Brownsea Tempest 2

Review: Brownsea Theatre, The Tempest

Out of five

It being summer, open air theatre season is in full swing. James Landymore visited an off-the-beaten-track theatre to experience one of Shakespeare’s more underrated plays first hand. 

Outdoor theatre. What could go wrong? On an island in Dorset in the middle of a British summer, I went to see Brownsea Open Air Theatre (BOAT)’s production of Shakespeare’s The Tempest to find out for myself.

Located in the depths of Dorset, Brownsea Island sits in Poole Harbour, close to the seaside town of Bournemouth. For one week each summer it transforms into an artsy enclave hosting an amateur Shakespearean production as part of the RSC’s Open Stages season. Being my first time attending one of BOAT’s performances, I was surprised to discover the group is amateur in name only. A passionate, sensitive and visually impressive performance: this is Shakespeare as it should be.

The island location truly lends itself to this play seeing as it is set on one itself, ruled over by Prospero- the usurped Duke of Milan, accompanied by his daughter, Miranda. He possesses powerful magic that gives him control over two of the islands spirits: Ariel and Caliban. When his brother, the usurper, is sailing near the island, Prospero seizes the opportunity to raise a storm and seek revenge.

a slick, convincing and powerful production that rivals professional institutions

One of the bard’s most intriguing plays, The Tempest blurs the lines between comedy and tragedy. Structurally speaking, moving from disorder to order, it belongs to the comedic genre. However, the actors and technical team do a brilliant job of communicating the text’s nuances. Gareth Richards’ Prospero is not merely the unfairly usurped, kindly figure that it could be tempting to present. Richards plays a three-dimensional character that treats his slave Caliban with cruelty, obsesses over his daughter’s virginity and is painfully aware of his magic’s transiency. Like all good tragic heroes, he certainly has his flaws.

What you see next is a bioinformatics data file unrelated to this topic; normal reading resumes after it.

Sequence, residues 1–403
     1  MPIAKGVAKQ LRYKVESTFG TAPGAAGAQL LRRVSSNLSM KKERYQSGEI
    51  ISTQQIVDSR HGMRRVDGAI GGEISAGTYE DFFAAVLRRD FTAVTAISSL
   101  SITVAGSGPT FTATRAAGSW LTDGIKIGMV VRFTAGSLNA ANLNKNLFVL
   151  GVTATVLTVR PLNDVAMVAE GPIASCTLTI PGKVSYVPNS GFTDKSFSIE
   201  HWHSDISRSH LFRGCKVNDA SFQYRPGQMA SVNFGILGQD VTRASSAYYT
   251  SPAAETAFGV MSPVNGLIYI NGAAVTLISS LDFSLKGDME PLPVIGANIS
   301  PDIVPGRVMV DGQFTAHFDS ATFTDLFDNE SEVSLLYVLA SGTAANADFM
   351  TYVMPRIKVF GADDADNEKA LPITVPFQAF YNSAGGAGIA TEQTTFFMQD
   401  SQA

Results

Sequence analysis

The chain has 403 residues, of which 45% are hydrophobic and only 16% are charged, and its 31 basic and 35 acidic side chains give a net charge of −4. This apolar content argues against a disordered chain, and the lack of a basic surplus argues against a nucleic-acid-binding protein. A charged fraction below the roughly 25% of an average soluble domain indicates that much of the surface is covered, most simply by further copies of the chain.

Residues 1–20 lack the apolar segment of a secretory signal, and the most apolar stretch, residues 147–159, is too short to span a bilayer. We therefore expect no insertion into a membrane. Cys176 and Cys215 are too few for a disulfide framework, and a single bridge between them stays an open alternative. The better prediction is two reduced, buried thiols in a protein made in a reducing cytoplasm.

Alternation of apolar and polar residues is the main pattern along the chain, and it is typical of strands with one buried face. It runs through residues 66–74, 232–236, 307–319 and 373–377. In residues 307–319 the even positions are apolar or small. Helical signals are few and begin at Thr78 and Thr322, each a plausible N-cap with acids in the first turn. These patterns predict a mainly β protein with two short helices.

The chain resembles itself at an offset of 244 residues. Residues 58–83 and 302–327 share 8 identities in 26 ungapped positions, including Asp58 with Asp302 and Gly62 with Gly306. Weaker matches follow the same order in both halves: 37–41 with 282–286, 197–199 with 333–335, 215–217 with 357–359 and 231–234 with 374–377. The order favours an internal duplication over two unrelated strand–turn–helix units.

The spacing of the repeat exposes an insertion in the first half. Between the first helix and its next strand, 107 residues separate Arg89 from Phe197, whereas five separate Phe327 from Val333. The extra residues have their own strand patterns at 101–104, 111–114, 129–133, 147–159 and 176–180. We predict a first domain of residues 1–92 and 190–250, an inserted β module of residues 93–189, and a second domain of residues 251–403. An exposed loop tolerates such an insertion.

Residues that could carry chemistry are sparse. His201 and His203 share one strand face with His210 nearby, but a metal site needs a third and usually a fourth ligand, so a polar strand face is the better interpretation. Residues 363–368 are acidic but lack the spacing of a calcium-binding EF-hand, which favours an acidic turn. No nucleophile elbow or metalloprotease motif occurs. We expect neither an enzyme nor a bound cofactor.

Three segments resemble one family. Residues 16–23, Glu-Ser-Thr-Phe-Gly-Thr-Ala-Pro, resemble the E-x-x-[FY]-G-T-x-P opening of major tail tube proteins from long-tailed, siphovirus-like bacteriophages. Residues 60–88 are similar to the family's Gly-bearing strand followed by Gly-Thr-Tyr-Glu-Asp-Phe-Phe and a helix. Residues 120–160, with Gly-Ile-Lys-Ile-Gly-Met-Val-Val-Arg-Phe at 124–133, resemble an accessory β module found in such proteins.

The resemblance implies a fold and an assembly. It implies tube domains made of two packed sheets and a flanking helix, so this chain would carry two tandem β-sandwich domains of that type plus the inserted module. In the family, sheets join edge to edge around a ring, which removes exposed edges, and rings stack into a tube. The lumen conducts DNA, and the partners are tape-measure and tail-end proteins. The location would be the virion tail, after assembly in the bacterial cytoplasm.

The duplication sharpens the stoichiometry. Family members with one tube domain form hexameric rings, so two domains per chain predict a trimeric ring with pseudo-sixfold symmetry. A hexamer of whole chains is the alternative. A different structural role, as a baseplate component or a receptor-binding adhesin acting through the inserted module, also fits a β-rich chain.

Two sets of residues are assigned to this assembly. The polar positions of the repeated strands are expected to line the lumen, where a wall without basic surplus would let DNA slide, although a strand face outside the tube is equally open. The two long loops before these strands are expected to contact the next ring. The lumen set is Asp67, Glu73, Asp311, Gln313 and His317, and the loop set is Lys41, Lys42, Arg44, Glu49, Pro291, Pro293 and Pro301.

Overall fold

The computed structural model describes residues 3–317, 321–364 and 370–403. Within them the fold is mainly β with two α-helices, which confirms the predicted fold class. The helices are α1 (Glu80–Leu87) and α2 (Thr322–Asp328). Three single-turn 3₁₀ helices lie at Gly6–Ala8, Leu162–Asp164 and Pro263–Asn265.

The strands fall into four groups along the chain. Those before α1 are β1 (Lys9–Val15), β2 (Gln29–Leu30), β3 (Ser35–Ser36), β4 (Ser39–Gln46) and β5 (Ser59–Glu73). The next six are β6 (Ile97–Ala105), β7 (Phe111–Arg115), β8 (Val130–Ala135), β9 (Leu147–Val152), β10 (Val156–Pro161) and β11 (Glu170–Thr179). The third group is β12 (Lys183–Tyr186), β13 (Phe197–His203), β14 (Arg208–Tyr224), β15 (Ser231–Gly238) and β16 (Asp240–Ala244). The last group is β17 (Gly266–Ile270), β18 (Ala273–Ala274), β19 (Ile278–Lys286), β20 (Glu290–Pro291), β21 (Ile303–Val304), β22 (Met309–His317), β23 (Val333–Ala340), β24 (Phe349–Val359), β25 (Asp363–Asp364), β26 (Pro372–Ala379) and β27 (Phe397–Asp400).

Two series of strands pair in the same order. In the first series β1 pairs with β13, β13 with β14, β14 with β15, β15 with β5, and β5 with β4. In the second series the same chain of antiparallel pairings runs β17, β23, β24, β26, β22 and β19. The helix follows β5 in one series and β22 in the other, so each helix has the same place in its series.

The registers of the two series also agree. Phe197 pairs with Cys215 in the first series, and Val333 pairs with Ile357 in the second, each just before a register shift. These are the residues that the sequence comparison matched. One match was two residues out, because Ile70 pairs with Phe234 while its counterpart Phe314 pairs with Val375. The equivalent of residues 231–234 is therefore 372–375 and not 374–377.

In a similar vein, intelligently combining the vulnerable and the grotesque to simultaneously repel and intrigue the audience, Jamie Morris brings the play’s second complex character to the forefront of the production. Through varying voice and body language, Caliban is the bloodthirsty savage and vengeful slave, as well as the innocent native and drunken fool. In displaying such eclectic and contrasting qualities, Morris’ performance is exciting, bravely shunning simplicity for unnerving and magnetic complexity. When forming an inebriated trio with two of the shipwrecked sailors, Caliban’s comic traits lace the piece with rich and subversive black humour.

this is Shakespeare as it should be

From frolicking woodland folk to menacing dark magic, BOAT’s interpretation of The Tempest finds the heart of the play in emphasising its extremes, swirling and swaying like the eponymous storm. Being outdoors adds to the play’s volatility (although a downpour would be apt, we experienced only a little drizzle). This is a slick, convincing and powerful production that rivals professional institutions in its interpretation of Shakespeare’s text. Supported by a versatile set and lighting that complements rather than overpowers, it is clear they have nailed the formula for accessible and intelligent performances. Most importantly, BOAT choose to show rather than tell: essential when bearing in mind the challenges Shakespeare’s language can pose to modern audiences.

So, what can go wrong with outdoor theatre? Apparently nothing; this was without doubt one of (if not the) best Shakespearean performances I have had the pleasure to see.

Whilst this year’s run has now ended, in 2016 the group will be performing The Two Gentlemen of Verona between the 27th July and 12th August. Tickets can be found on their website. After a sell-out season this year, be sure to move quickly. More information about the RSC’s 2015 Open Stages season can be found here.



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